Apple (AAPL) - Get Apple Inc. (AAPL) Report plans to sell $6.5 billion in bonds through four different notes, according to papers filed with the Securities and Exchange Commission Thursday.
Apple said it may sell four different notes, ranging in maturities from seven to 40 years.
The proceeds will be directed to "general corporate purposes, including repurchases of our common stock and payment of dividends under our program to return capital to shareholders, funding for working capital, capital expenditures, acquisitions and repayment of debt."
TheStreet.com founder Jim Cramer said a successful long-bond offering would allow Apple to "buy back an insane amount of stock".
Apple is rated Aa1 by Moody's Investors Service, its second-highest grade, while Standard & Poor's rates the tech giant at AA+. Only Microsoft (MSFT) - Get Microsoft Corporation (MSFT) Report and Johnson & Johnson (JNJ) - Get Johnson & Johnson (JNJ) Report, both triple-A credits, have a higher rating than Apple.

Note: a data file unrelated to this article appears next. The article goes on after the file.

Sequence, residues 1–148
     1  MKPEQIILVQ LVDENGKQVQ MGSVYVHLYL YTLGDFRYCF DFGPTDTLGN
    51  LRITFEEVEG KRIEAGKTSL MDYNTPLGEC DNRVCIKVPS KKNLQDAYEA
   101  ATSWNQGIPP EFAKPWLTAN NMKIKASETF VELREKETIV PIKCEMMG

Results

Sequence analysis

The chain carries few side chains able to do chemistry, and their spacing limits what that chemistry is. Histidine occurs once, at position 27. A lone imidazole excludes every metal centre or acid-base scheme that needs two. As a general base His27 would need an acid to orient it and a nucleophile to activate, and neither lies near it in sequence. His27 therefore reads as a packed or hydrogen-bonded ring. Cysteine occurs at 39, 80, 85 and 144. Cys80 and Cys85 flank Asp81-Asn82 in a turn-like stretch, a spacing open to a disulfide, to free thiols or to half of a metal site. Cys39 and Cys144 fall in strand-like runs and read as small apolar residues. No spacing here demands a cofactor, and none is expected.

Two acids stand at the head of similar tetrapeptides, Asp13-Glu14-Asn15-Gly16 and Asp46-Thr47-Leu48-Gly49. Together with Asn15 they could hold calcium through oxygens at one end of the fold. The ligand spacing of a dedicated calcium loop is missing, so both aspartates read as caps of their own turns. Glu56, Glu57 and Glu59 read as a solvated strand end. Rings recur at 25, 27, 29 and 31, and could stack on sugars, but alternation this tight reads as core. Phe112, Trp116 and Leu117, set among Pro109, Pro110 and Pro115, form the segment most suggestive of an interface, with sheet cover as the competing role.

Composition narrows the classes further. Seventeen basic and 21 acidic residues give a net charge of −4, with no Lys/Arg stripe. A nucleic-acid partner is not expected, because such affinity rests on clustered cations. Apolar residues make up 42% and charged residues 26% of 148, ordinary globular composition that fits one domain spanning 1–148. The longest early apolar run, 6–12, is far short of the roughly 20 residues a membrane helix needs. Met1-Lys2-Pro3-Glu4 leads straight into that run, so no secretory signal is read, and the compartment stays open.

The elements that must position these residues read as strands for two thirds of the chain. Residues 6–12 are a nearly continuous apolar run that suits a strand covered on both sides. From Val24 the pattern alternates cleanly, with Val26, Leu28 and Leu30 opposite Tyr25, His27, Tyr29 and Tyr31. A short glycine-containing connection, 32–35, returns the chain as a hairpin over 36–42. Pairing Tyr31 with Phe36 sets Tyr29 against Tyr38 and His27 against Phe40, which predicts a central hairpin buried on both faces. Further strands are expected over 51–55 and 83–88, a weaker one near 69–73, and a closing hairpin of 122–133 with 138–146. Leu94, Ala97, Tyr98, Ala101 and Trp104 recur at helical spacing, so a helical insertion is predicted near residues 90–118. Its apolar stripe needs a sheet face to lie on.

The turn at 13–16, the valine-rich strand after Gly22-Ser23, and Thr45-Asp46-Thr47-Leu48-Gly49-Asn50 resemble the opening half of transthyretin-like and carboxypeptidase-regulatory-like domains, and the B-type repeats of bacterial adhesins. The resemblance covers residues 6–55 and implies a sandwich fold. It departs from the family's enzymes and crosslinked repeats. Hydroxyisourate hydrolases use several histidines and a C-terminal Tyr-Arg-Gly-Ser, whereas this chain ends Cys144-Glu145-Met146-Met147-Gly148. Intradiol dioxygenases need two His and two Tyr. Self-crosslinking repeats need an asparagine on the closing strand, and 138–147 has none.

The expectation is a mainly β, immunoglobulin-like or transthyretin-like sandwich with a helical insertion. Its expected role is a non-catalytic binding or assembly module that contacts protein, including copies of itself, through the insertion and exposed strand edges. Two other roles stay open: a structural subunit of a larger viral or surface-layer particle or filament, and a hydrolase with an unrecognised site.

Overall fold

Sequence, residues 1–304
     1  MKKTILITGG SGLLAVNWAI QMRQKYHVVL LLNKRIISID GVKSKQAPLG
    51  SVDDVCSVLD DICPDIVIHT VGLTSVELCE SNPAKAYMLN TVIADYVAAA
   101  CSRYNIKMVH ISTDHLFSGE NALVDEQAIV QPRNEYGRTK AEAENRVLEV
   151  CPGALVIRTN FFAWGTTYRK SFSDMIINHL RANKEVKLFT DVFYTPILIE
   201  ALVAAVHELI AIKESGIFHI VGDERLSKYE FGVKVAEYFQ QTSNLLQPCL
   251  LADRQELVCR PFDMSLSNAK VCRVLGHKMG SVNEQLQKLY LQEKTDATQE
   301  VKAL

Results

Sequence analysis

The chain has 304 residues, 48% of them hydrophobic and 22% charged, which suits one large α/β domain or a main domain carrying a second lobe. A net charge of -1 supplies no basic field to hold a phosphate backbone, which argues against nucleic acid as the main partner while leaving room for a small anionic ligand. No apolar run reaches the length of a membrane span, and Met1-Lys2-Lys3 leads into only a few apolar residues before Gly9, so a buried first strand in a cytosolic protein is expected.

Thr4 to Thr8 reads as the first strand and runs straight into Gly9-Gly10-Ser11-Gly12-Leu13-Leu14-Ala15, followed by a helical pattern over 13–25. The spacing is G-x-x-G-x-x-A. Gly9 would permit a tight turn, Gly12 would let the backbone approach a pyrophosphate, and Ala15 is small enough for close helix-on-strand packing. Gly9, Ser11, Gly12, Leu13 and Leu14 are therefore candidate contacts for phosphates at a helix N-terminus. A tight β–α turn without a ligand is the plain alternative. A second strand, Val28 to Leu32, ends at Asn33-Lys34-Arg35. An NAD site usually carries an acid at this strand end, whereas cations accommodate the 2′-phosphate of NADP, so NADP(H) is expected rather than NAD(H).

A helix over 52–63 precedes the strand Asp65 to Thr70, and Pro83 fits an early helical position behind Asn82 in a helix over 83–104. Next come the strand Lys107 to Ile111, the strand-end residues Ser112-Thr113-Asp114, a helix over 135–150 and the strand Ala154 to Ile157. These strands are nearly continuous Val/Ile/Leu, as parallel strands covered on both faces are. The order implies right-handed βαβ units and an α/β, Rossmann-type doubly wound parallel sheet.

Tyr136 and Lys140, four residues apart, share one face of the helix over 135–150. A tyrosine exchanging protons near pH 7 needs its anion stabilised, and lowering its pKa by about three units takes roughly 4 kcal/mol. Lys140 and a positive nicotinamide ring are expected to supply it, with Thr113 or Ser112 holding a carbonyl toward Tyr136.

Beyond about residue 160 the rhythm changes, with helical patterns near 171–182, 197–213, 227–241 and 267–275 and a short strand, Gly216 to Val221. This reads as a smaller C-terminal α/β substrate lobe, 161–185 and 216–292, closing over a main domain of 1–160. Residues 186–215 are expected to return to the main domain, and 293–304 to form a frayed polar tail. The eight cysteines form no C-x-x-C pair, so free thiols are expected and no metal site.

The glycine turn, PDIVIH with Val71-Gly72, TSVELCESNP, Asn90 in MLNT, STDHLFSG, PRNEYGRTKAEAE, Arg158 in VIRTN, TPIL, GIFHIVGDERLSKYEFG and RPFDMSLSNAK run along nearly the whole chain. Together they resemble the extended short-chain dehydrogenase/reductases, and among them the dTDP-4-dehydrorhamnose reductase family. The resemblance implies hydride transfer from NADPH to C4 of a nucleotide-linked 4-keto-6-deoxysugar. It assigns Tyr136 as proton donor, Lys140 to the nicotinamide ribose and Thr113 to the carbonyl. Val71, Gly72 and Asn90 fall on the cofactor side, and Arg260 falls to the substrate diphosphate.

The longest maturity of the offering -- 40-years -- is slated to yield 0.92 percentage point above Treasuries, a source told Bloomberg.
The 30-year Treasury recently yielded 1.91%. It’s unclear if there are any 40-year Treasuries outstanding. The 40-year high quality market corporate bond spot rate stood at 3.33% in June.
This would be the fourth Apple bond offering since May 2020, Bloomberg reported. The company issued $14 billion of bonds in February.
Apple shares recently traded at $145.70, up 0.5%. They have gained 9% over the past three months amid strong financial performance. But there is concern Apple won’t be able to sustain its torrid growth pace.
Apple posted much stronger-than-expected earnings for the June quarter Tuesday. Apple shares rose 0.46% Thursday to close at $145.64.